"SCANNING: the aberrant architectures of diller + scofidio," Mar. 1-June 1, 2003, at the Whitney Museum of American Art, 945 Madison Avenue, New York, N.Y. 10021
A mid-career survey of a living artist is one of the hardest things a museum can do. But that's no excuse for doing it completely wrong, as the Whitney Museum has done with "SCANNING: the aberrant architectures of diller + scofidio." It's true, many surveys are awarded to artists who really aren't ready for them, and may never be ready for them. But Diller and Scofidio aren't even artists, they're architects pretending to be artists, and their so-called art is atrocious. This show is inexcusable by any measure -- curatorial, artistic, experiential, intellectual and architectural.
Diller and Scofidio aren't especially bad architects in a jazzy, pseudo-intellectual, quasi-Rem Koolhaas kind of way. The winners of a MacArthur Award, they've built two buildings. One, a so-so housing project, is in Japan. The other, the Blur Building, a media pavilion fabricated for Swiss Expo 2002, is less a building than a fun house. Its main feature is that it sprays mists of water on visitors. Their plans for Boston's Institute of Contemporary Art look OK, and their model for Eyebeam's new Chelsea site resembles an azure escalator and ought to be quite the tourist attraction (if it's ever built). Their best project is their Philippe Stark-meets-'60s-airport-lounge re-design of the Brasserie restaurant, which suggests their true calling may be interior decoration.
All this is fine by me. D + S spice things up and toss in brainy bits of theory. Architecture and design critics eat it up, as do wealthy clients. Things could be worse. What couldn't, and what's particularly annoying about Elizabeth Diller, who is 48, and the former student of her now husband, Ricardo Scofidio, 67, is their imitation art. Start with the inflated exhibition title. Notice the pretentious absence of capital letters and the chic plus sign between the two lowercase names (diller plus scofidio equals what? Fluff?), the fatuous all-capitalized "SCANNING," and the presumptuous use of the word "aberrant" to describe work that is remarkably run-of-the-mill.
In his pedantic, fawning catalogue essay, co-curator Aaron Betsky gushes, "Diller + Scofidio are hybrid architects/artists who make visible the technologies of desire and reveal the surveillance of objects of desire" (whatever that means). He repeatedly uses the word "display," as in "the culture of display," Diller + Scofidio "display display," or they "frustrate the act of display." He raves, "Diller + Scofidio have exquisite taste." Actually, they and he have conventional taste. Except for one seductive piece involving a section of wall that a Duchamp formerly hung on at MoMA and that has been inserted at the Whitney, "SCANNING" is dead as a doornail, lost in some academic haze where the architects and curators think they're Duchamp, Baudrillard, Jenny Holzer, Barbara Kruger and Barbara Bloom on the set of Blade Runner.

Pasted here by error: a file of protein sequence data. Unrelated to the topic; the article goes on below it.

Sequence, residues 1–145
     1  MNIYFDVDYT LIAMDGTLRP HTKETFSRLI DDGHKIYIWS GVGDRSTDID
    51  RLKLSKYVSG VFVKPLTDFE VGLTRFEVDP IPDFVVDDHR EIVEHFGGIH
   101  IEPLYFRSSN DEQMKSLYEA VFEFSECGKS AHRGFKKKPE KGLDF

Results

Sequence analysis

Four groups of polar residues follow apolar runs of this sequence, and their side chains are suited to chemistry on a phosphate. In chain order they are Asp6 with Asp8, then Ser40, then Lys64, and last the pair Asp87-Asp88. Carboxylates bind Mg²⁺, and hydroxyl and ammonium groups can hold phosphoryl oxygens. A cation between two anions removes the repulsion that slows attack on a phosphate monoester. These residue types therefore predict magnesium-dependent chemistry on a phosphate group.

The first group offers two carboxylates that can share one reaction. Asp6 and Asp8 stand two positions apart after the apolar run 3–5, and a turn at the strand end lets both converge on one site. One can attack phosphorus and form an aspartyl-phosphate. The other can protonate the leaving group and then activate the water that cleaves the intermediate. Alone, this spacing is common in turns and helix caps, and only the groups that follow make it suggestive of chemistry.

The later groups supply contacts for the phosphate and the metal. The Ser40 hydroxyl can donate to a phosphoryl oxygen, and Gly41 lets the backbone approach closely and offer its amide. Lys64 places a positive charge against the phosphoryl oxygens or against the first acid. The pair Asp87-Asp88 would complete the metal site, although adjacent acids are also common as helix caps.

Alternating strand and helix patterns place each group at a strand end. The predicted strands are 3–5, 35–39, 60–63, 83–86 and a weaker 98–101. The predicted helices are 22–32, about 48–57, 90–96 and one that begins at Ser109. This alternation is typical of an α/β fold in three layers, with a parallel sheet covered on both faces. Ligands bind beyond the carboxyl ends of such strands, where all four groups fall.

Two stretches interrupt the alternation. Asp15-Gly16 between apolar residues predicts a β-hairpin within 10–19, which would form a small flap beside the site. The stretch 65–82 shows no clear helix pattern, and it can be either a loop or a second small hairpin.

To describe some of these works is to see how lame-brained and unoriginal they are. There's Soft Sell (1993), a video featuring a female mouth (an "emblem of seduction" we are told) orating inane phrases like "Hey you, wanna buy a ticket to paradise?" or "Hey you, wanna buy a vowel?" So imitative is this work that you want to say, "Hey you, ever heard of Laurie Anderson?"
Vanity Chair (1988), which rhymes, I guess, with Vanity Fair, is a three-legged aluminum seat with a mirror mounted on it and the words binge and purge embossed on the seat. The wall label says the piece makes us "reexamine the narcissism of our daily rituals," when all it does is make us think of legions of fourth-rate conceptualists who've done this sort of work better. Particularly slick and sterile is Tourisms: suitCase Studies (1991), whose title is an insipid pun on the L.A. Case Study Houses. The piece consists of 50 identical Samsonite suitcases (one for each state) opened and suspended from a wooden ceiling. Each sports a postcard and a quote from someone like Baudrillard, Barthes or Umberto Eco. Presumably, Eco's first name is misspelled as "Unberto" on the Utah bag because the piece is so boring no one could bear to read it.
Condescending and empty is The American Lawn: Surface of Everyday Life (1998), a work involving a bunch of stereoscopic viewers, each with a photograph of neighboring lawns. The label sniffs that this represents "a sinister surface of repressed horror." Really, it represents people who simply have different ideas about lawns.
The swank, superficial, room-filling installation featuring toy robots on conveyor belts supposedly deals with "themes of surveillance and bureaucratic monotony." "Monotony" is right, but more accurately it's about unchecked excess and curatorial ignorance. Which brings us to Mural: a roving, robotic drill that intermittently bores holes in the walls throughout the exhibition. In a wonderful bit of poetic justice, its label unwittingly describes the problem with this entire show as well as the current state of the museum under Maxwell Anderson: "Mural," it clucks, is about "silent signs of curatorial judgment withheld."
Amen. Despite the museum's uneven but quite lively project series and several good historical surveys, this fiasco -- coupled with last summer's super-vacuous Michal Rovner exhibition and the middling "BitStreams," and coming on the heels of two biennials that were bad in ways they needn't have been -- suggests the Whitney is incompetent at mounting both large-scale shows and mid-career surveys of contemporary art. This must change.
JERRY SALTZ is art critic for the Village Voice, where this review first appeared.